England demands wreck climax to county season
And so another summer of Test cricket has reached its conclusion. The infuriatingly abridged three-match series against South Africa has been lost 2-0. England outplayed. Their reputation for planning and preparation undermined by determined batting, quality fast bowling and modern forms of communication that allow you to instantly converse with thousands of people across the globe but are seemingly incapable of passing the message “I’ll buy you a beer if you stop being a prat” to a team-mate at the other side of the dressing room.
For a second successive year we have witnessed the No. 1-ranked Test side dethroned, with South Africa now rightfully acknowledged as the best cricket side in the world: an abundantly talented team, well led and deserving of nothing but admiration. Yet somehow the sight of Graeme Smith parading the ICC Test mace on The Oval outfield left me hoping that the NASA Curiosity mission to Mars was the first faltering step towards finding another habitable planet on which to rebuild humanity. Perhaps that’s just disappointment?
In years gone by that kind of dissatisfaction at a series defeat would have been partially numbed by the knowledge that a month of the County Championship was left to be played out. A month of games in which England players would take full part. A month when rest was a four-letter word.
There are still three rounds of the Championship, Twenty20 finals day and the conclusion of the CB40 to be played this season. But there’ll be precious little opportunity to see England players turning out for their county side as the demands of the international schedule encroach ever more on to the domestic cricket.
The extent of that was laid bare by Wednesday’s ECB announcement about player availability for the rest of the season. It was a list as long as Steve Finn’s arm and as sobering as the role call scene at the end of Zulu. Twenty players missing for most or all of the remainder of the season. Twenty!
Particularly hard hit are Nottinghamshire. As thanks to five of their first team being in the England Twenty20 squad they’ll go into their final Championship game against Warwickshire severely weakened – a situation compounded by Warwickshire having Ian Bell, Jonathan Trott and Chris Woakes cleared to play in what could still prove to be the deciding match of this year’s County Championship.
Given the importance of that game you’d expect it to be the one covered as Sky’s traditional final Championship match of the season. Frustrating then that on a rare opportunity for the domestic first-class game to get some national media exposure, what should be a set piece contest between two of this year’s top counties will be overshadowed and unbalanced by England demands.
But then that is the lot of the Championship: a contest that can be pushed to one side to make way for more profitable forms of the game; a contest that’s as much ignored by the ICC Future Tours Programme as common sense or the need for international players to have a home life.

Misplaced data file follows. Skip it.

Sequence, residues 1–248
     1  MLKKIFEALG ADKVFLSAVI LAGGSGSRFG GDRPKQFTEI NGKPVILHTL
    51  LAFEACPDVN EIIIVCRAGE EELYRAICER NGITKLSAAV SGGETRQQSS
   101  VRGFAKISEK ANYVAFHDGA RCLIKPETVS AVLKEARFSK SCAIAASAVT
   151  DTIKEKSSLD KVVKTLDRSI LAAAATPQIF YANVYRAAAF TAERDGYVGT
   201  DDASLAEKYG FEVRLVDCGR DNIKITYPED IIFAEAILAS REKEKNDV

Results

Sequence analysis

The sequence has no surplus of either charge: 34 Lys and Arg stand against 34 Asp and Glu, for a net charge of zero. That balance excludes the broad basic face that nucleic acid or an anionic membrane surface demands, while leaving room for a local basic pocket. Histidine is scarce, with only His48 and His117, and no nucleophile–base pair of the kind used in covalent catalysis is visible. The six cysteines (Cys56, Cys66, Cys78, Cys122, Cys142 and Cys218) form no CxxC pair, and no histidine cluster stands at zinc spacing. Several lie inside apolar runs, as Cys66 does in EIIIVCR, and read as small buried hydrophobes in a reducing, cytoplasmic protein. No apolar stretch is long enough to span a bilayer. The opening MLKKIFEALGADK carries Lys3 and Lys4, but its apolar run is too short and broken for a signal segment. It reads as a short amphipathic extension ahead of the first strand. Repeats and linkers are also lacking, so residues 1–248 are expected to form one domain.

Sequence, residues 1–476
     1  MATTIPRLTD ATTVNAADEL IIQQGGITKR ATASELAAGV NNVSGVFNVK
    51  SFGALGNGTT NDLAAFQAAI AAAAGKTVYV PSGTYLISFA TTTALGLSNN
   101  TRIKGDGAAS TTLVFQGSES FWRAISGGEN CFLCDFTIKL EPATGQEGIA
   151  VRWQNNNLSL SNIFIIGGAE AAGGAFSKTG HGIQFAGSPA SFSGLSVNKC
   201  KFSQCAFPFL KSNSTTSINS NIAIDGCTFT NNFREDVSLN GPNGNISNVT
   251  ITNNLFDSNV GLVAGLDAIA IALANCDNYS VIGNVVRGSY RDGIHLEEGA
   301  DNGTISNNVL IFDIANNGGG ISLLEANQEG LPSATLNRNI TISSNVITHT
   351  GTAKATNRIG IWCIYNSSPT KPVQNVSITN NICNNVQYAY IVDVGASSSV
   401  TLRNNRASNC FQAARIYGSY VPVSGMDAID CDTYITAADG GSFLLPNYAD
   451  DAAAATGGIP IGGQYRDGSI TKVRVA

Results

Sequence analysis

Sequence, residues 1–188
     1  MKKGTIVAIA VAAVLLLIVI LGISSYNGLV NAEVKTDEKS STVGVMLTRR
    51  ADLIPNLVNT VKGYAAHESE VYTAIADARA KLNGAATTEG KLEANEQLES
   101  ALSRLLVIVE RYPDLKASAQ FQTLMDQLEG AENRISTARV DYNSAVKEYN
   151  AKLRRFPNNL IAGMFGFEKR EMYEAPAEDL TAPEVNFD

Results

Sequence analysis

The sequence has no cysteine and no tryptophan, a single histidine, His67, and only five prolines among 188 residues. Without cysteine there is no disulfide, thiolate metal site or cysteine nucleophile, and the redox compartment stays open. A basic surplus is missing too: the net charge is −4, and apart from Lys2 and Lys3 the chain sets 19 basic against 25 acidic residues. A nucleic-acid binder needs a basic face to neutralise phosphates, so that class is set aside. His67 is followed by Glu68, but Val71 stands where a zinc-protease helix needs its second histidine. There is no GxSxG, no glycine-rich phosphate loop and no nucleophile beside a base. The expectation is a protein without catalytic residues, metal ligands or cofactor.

Not all of that can be laid at the door of the ECB, of course. It’s not their fault that Nottinghamshire have produced a crop of quality one-day players. And I doubt they have much more say in the scheduling of the World Twenty20 than they do the content of Piers Morgan’s Twitter feed.
But they could at least communicate player availability in a clear, consistent manner. Whether Yorkshire would agree they achieve that is debatable, as the announcement that Tim Bresnan was unavailable for Twenty20 finals day was at odds with the county’s previous understanding that he could play and came as an unpleasant shock for a side preparing for their first ever appearance on finals day.
Perhaps that was just a genuine misunderstanding when the ECB press release was first drafted - it’s worth noting that it has now been re-worded to reflect Yorkshire’s original understanding - but it does highlight the need for more effective communication, whether it be with a county relying on the return of a key allrounder or with a talented, unsettled individual.
Which brings us back to one man who has been made available for the remainder of the county programme – Kevin Pietersen. It’s been an interesting couple of weeks for old Kev hasn’t it? Not least his appearance for Surrey at Southampton on Sunday, which was greeted by boos from a section of the crowd followed by cheers from most of it when he was dismissed for a golden duck.
That kind of reception is perhaps understandable given Pietersen’s record of seven Championship appearances during his six years at Hampshire, which didn’t leave the supporters feeling he was the most committed player they’ve ever had on their books. What will be more revealing is his reception elsewhere on the circuit.
KP may be no stranger to a hostile crowd – he’s twice toured his native South Africa - but will someone who sees himself as a leading man be content to be county cricket’s pantomime villain? If Pietersen’s time as an England international is at an end, we may also be seeing the end of him in English cricket as a whole.
There might be some who welcome that, but Pietersen is a rare talent, one who could help shine a spotlight on county cricket at a time when world class players are rarely made available.
Kenny Shovel has never sat in a press box or charged a match programme to expenses